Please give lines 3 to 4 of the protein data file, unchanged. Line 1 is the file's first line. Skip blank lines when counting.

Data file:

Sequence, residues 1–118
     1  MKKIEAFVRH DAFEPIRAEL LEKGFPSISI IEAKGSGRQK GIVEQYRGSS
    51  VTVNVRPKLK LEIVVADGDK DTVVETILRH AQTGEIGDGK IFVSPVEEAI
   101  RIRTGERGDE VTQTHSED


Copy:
    51  VTVNVRPKLK LEIVVADGDK DTVVETILRH AQTGEIGDGK IFVSPVEEAI
   101  RIRTGERGDE VTQTHSED